Building Confidence to Deal with Bullying


What solidified for me that I was on the right career path early on in my post secondary education and continues to motivate me today is the self confidence that children, and adults alike, leave with at the end of each of our sessions together. A safe space and a listening ear work wonders to not only help achieve the goals we target in our sessions together; it helps to bring out each person’s inner most self and little by little allows them to open up and trust themselves and their abilities.

Bullying Canada says on their website that “bullying happens when someone hurts or scares another person on purpose and the person being bullied has a hard time defending themselves. It is behaviour that makes the person being bullied feel afraid and uncomfortable.” According to the same source, the most common type of bullying is verbal bullying which includes anything from name calling to sarcasm, threatening and more. Bullying presents children with the difficult position of a power imbalance that they often are not able to navigate independently, especially for children who face communication difficulties.

Both SLPs and families of those children who are bullied, especially if due to a communication difficulty, can help their children feel more confident by:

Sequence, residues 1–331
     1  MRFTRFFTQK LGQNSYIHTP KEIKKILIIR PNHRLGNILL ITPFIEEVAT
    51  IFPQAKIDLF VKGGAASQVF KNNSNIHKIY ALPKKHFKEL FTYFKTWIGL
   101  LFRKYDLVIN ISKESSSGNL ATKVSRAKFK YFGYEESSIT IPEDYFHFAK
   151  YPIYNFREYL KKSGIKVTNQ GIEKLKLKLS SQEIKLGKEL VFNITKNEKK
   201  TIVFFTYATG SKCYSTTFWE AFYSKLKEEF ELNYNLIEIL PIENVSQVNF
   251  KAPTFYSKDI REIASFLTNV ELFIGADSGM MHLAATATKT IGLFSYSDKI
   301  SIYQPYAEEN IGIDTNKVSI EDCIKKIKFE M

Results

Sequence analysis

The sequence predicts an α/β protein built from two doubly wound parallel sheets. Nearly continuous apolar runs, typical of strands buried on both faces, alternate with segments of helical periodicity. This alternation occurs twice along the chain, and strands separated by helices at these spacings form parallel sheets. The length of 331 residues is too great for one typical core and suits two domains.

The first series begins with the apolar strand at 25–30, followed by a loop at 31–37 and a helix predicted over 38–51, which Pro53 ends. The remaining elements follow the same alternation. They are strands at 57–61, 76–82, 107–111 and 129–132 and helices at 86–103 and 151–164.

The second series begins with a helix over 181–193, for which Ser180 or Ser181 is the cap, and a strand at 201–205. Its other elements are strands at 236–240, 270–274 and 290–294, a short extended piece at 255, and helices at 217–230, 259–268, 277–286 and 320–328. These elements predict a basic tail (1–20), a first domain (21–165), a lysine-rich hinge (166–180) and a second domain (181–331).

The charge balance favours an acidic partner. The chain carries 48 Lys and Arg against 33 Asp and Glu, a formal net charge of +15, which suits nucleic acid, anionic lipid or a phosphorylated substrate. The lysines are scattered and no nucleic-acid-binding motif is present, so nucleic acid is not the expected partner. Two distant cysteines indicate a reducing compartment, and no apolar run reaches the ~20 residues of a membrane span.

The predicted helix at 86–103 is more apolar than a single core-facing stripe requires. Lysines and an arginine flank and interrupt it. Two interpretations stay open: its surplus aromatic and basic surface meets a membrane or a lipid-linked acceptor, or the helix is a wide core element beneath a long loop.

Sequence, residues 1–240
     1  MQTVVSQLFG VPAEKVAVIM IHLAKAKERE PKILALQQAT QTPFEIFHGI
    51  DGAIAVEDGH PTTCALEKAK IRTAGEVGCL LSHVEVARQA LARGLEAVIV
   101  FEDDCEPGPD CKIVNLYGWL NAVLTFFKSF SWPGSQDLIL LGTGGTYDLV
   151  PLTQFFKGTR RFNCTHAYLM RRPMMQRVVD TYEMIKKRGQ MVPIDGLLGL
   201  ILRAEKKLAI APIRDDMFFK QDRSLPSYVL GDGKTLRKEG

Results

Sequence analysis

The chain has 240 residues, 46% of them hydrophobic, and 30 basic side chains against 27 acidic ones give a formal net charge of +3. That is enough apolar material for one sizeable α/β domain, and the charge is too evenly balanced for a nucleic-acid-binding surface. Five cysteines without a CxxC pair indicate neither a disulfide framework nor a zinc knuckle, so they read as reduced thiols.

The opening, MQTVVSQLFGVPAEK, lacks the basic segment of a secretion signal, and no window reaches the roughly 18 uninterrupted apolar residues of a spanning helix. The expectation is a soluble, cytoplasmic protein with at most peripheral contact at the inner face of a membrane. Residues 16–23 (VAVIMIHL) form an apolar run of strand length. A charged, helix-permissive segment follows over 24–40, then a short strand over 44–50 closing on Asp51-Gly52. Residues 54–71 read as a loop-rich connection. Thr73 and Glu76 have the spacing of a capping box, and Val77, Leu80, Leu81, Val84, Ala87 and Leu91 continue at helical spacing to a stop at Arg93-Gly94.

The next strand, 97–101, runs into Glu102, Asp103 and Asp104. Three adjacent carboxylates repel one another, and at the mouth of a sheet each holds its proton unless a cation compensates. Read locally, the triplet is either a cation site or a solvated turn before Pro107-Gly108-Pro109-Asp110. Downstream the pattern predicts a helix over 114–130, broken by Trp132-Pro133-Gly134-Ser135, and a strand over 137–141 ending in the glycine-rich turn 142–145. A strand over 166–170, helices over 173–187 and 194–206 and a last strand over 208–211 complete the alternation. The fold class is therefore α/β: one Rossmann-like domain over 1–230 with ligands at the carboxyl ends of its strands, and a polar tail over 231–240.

• Being patient
  • Allowing plenty of time for the child to express themselves
  • Being sensitive to the situation the child is struggling with or feels vulnerable in
  • Praise them for discussing bullying as it can be incredibly hard for some children to talk about what may be happening
To further help their children’s confidence, families can:
  • Encourage their child to participate in an extracurricular activity they enjoy
  • Help their child become socially involved with other children at their school, church, or community event so they build social skills and learn to be at ease with others
  • Role play with your child to give them a chance to practice what they may say and how they may diffuse the situation
  • Encourage them to find an adult who they can confide in and will help them at school (or where bullying takes place, if the parent isn’t able to attend)
No one should be put in a position that stifles their self confidence, especially due to communication difficulties. If you have questions about how SLPs can help, please do not hesitate at all to contact us


Djurdjica Gacic is a Communicative Disorders Assistant and a strong advocate for client centered, functional, engaging and fun therapy that supports each person's social, emotional and life long communication needs. With over 10 years of experience, she enjoys supporting clients of all ages and abilities to achieve their goals and be successful in all of their endeavours!